Many parents going through the child custody process may wonder how the best interests of the child is utilized when making child custody determinations. The best interests of the child refers to the process courts engage in to arrive at child custody and other decisions that are best for a child during a divorce situation. The standard used to guide and advise the courts helps courts determine what services, actions and orders would best benefit the child and who is best suited to care for the child. A number of factors may be considered when determining what is in the child’s best interests.
Considered will be the child’s circumstances, the parent or caretaker’s circumstances and the parent or caretaker’s ability to parent. A guiding consideration, that is always taken into account when making child custody determinations and determining the best interests of the child, is the safety and overall well-being of the child.
In Michigan, factors the court should take under consideration when determining what is in the best interests of the child are stated by statute. As such, in Michigan, the emotional ties the child has with parents, siblings, family members, household members and caretakers is taken into consideration when determining the best interests of the child. In addition, a parent’s capacity to provide sufficient food, a safe home, clothing and adequate medical care is also considered. The physical and mental needs of the child, and the physical and mental health of the parents, will also be carefully considered by the court.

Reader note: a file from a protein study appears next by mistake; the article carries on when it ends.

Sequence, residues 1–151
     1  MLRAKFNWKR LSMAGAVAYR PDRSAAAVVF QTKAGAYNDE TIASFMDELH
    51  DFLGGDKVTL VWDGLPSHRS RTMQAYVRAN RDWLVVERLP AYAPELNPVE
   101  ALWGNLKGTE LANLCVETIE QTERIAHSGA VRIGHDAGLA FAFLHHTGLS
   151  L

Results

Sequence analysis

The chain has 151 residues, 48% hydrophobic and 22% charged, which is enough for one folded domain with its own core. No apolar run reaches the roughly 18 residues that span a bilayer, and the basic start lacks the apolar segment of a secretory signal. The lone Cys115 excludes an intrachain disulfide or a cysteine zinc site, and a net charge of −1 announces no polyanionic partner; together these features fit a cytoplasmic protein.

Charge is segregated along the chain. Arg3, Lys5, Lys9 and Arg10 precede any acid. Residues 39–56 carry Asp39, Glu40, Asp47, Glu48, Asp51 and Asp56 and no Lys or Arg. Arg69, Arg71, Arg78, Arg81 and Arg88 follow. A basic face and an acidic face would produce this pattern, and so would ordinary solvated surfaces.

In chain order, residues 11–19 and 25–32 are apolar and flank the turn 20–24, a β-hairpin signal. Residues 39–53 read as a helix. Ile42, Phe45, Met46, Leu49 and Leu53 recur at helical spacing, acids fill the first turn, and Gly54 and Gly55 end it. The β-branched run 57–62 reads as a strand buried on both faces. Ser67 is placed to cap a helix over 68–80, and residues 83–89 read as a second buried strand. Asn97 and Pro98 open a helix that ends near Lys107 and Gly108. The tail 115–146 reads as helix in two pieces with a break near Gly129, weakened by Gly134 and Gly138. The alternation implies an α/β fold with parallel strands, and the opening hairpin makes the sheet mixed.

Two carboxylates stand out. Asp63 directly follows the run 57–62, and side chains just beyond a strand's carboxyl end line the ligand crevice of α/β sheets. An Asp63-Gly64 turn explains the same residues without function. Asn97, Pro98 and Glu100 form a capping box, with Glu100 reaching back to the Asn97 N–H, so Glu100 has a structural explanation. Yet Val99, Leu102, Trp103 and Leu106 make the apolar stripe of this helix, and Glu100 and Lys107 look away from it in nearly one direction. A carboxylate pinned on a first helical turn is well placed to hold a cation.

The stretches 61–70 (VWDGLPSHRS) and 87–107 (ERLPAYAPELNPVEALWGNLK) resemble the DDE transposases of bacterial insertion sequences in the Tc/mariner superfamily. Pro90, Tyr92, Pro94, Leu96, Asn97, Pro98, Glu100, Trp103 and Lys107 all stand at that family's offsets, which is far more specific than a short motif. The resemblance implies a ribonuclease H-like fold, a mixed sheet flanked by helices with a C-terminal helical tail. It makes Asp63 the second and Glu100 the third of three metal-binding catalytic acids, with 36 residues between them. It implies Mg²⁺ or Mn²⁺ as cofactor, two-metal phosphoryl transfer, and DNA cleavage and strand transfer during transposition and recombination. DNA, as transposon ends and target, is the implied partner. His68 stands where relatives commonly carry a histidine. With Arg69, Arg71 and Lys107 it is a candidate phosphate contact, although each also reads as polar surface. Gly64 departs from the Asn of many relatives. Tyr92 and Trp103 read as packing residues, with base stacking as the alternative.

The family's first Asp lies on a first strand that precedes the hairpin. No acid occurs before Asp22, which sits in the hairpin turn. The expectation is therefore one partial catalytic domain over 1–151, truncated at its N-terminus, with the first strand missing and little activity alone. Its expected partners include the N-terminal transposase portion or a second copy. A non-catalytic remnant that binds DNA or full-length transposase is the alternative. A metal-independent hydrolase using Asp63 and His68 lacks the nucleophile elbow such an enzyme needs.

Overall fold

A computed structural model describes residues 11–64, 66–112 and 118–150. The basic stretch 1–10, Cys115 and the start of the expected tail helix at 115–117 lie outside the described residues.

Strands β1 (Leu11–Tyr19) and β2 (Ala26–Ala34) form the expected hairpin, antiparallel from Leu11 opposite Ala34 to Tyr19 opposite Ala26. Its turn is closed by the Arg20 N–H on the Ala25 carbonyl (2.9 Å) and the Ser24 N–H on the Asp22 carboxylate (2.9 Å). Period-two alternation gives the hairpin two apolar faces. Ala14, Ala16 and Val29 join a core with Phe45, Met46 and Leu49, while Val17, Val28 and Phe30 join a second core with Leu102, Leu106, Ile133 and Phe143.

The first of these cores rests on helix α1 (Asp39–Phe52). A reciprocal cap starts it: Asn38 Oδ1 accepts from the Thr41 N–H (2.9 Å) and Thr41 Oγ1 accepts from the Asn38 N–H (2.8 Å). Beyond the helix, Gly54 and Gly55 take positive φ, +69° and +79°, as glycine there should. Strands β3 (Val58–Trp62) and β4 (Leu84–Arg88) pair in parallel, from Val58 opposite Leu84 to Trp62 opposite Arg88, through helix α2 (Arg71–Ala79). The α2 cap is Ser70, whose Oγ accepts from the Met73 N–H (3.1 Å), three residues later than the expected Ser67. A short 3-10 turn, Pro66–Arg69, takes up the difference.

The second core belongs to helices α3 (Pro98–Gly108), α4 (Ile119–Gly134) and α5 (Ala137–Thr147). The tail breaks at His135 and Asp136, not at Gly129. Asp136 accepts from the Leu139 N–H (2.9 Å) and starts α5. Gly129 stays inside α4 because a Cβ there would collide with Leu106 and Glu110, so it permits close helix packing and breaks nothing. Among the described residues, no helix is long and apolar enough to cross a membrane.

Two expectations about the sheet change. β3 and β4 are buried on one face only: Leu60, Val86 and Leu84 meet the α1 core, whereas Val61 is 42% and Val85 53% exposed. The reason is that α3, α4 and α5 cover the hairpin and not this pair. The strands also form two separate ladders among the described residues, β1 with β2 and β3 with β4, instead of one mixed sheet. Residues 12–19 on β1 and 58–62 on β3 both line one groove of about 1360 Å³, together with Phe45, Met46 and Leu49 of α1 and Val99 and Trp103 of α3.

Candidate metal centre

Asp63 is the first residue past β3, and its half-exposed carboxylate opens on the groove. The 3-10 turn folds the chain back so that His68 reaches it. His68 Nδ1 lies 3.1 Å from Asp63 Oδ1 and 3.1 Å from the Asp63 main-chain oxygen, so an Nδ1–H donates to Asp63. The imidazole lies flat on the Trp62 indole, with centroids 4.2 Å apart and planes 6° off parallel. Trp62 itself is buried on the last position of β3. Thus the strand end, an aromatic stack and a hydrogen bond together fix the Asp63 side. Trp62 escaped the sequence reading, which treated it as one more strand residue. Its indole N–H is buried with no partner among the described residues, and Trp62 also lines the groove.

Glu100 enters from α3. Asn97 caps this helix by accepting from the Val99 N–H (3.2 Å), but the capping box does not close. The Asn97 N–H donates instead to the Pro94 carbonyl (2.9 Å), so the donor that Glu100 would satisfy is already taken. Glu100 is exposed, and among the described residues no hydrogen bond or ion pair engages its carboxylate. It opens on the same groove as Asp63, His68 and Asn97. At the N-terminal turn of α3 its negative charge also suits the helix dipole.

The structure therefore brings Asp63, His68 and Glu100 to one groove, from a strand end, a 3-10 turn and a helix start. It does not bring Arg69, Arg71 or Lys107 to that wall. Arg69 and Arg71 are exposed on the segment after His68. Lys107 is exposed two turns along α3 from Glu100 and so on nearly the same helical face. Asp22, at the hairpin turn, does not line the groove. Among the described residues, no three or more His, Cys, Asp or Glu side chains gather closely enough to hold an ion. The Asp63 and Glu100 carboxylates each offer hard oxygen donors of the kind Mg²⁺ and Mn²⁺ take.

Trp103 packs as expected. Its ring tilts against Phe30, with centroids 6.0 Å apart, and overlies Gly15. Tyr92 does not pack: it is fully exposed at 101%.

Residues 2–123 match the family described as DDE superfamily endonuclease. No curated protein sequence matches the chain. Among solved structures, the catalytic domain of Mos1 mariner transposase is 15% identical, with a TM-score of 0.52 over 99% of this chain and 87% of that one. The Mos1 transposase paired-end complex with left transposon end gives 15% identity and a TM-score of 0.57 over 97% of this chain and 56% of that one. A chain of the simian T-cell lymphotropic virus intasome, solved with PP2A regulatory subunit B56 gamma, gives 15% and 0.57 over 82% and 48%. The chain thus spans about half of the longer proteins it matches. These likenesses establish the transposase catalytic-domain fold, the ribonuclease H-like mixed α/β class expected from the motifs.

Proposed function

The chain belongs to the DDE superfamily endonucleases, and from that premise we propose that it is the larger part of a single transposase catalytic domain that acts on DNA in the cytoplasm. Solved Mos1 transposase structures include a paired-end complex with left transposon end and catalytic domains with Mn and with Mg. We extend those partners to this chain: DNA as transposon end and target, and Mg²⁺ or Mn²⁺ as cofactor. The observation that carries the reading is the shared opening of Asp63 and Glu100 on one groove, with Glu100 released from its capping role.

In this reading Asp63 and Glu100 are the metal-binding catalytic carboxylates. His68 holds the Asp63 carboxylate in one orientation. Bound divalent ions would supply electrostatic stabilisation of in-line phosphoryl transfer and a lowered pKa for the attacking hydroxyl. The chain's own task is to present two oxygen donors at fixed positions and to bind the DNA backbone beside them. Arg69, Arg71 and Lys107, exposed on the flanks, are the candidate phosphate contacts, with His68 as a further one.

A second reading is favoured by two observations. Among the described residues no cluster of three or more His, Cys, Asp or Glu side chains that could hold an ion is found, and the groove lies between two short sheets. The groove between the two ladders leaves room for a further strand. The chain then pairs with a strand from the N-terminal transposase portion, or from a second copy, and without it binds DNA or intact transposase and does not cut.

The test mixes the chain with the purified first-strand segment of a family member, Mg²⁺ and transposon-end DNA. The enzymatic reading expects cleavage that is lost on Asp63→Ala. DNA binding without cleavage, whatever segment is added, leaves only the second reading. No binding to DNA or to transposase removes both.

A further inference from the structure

A combination of all of these factors, in addition to the wishes of the child, will be considered when a court determines child custody and what is in the best interests of the child. The issue of child custody can sometimes lead to anxiety which is why understanding the standard and factors used to determine child custody, and what is in the best interests of the child, can be useful for parents going through the child custody process.
Source: Child Welfare Information Gateway, “Determining the Best Interests of the Child,” Accessed August 21, 2014